It is abundantly clear that the austerity agenda the Government has pursued since the Tories came back to power in 2010 has failed on every objective measure.
They said they would eliminate the deficit by 2015 but failed. They then said they would eliminate it by 2020, but have now abandoned that goal. They said they would reduce Government borrowing, but actually increased it by more than half a trillion pounds.
Britain’s Gross Domestic Product (GDP), i.e. the monetary value of all the goods and services the country produces, has barely clambered above the pre-2008 financial crash. This anaemic recovery would be even more feeble were it not for the economic impact of immigration into the UK over the last eight years, which has boosted the GDP figures.
Furthermore, despite the Government’s claims about the number of jobs they have created, productivity has only just got back to pre-2008 levels. But it still lags way behind the rest of the G7 countries made up of Canada, France, Germany, Great Britain, Italy, Japan, and the United States. According to the ONS, output per worker in the UK is on average 19 per cent lower than the rest of the G7. Moreover, Britain’s productivity gap is 5% lower than Spain, 30% lower than Ireland, 34% lower than Belgium and 45% lower than the Netherlands.
And while wages in Britain have fallen by 10.4% since the financial crash, workers elsewhere in Europe have seen their wages rise over the same period. Only Greece has seen as big a reduction as the UK, while wages in Portugal have dropped by 3.7%. By contrast workers in France have seen a 10.5% increase and Polish workers have had an uplift in their wages amounting to 23%. Not only have British workers seen their wages fall, they also have to work the longest hours in Europe to make ends meet. The UK’s average working week is now 43.6 hours, while the European average is 40.3 and France limits their working week to just 35 hours.
It was not surprising then to see that recent research by the Money Advice Service show the precarious position that huge numbers of households find themselves. Their findings revealed that the assault on living standards has left nearly 17million people of working age throughout the UK with less than £100 in the bank. And a report by the Joseph Rowntree Foundation found that more than half the people living in poverty in Britain are in work.
These alarming facts vividly illustrate that the last six and half years of Government imposed austerity has been a catastrophic failure. They also clearly show the benefits of Jeremy Corbyn’s alternative economic programme.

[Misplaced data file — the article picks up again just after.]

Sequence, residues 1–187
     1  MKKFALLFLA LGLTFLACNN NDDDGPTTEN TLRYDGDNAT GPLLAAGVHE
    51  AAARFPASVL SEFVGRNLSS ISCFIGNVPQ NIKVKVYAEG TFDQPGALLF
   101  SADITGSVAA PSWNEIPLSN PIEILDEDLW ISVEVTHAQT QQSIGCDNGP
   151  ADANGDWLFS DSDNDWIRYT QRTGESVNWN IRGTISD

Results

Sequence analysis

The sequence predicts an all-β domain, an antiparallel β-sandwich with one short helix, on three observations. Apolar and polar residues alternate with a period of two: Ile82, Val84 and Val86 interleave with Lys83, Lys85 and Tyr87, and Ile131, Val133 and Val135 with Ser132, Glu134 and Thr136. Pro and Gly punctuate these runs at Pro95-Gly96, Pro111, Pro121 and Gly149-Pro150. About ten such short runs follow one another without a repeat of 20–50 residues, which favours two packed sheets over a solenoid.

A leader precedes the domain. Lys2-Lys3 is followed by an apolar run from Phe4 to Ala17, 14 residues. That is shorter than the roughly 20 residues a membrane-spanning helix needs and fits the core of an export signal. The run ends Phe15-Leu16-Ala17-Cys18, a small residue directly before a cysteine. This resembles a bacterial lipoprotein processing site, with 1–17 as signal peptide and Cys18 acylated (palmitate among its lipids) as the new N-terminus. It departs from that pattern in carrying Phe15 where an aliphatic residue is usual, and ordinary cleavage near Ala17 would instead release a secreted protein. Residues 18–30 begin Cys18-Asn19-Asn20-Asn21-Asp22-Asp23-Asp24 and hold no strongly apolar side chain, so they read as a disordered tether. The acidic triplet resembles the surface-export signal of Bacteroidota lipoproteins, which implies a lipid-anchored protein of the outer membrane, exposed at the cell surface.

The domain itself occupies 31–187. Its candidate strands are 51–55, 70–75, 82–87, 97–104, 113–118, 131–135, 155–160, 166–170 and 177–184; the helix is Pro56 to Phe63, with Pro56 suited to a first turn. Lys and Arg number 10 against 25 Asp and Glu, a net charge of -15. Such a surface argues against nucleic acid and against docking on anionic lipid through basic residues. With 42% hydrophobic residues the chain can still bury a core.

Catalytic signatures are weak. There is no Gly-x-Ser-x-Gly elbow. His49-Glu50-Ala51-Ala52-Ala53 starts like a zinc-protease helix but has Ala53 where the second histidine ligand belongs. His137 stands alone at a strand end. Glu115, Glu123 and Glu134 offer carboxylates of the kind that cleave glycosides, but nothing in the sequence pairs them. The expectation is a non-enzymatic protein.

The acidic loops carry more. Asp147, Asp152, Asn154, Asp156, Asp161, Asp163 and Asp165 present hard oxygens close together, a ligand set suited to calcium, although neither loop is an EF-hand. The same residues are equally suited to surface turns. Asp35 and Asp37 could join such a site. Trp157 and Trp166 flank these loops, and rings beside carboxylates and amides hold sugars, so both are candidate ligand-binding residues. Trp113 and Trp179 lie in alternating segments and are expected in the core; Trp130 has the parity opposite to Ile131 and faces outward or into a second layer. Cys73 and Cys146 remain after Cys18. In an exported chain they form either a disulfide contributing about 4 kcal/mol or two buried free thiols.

Of course we have been here before following the 1929 financial crash. Sadly lessons were not learned from that period, both in terms of avoiding the crash in the first place and in how best to respond to it. The 1930s were scarred by mass unemployment and poverty, as ordinary working class people were subjected to huge public spending cuts. The economic situation only improved when the nation started preparing for war. But as Tony Benn said: “If we can find the money to kill people, we can find the money to help people.”
This is precisely what Jeremy Corbyn is proposing. By investing in the economy we can create decent, well paid, secure employment, grow the economy and generate additional tax revenues that can then be deployed to expand public services.
The plan to establish a National Investment Bank, with a £500 billion investment fund will transform Britain’s infrastructure, revive manufacturing, boost renewable energy and nurture the digital technology sector. The proposal to build a million new houses before the end of the next parliament, 500,000 of which will be council homes, will also deliver a huge economic stimulus and create around 900,000 jobs.
The cost of providing new council houses is negligible, because nearly all the building costs can be covered by the rental income. Lifting the restrictions on councils to borrow to build new council houses poses no additional financial burden on the public purse because the loan charges can be serviced by council rents. It would also bring down the colossal £9.5 billion private sector housing benefit bill, by providing lower priced alternative accommodation.
People are crying out for a different approach. Millions are trapped in expensive privately rented dwellings unable to obtain a lower priced council house or afford a mortgage to buy their own home. Millions are stuck in insecure low paid employment, with little or no prospect of promotion. Millions have seen the public services on which they rely, systematically destroyed. And millions have been forced to endure the indignity of social security cuts which have left many utterly destitute and reliant up charity.
The case for Jeremy Corbyn’s commonsense alternative to austerity is therefore overwhelming and the national economic and social benefits of the programme he is advocating are enormous. Join the Labour Assembly Against Austerity on October 22 to discuss how we bust the myths behind Tory austerity and take forward our next steps in campaigning against austerity and for the Labour Government millions of people so desperately need.
Chris Williamson will be speaking on Labour’s economic alternative at the Winning With Jeremy – Labour’s Alternative to Tory Austerity conference hosted by the Labour Assembly Against Austerity on Saturday October 22. Other speakers at the event include Shadow ministers John McDonnell, Diane Abbott, Jon Trickett, Richard Burgon and Catherine West. More information and tickets available here.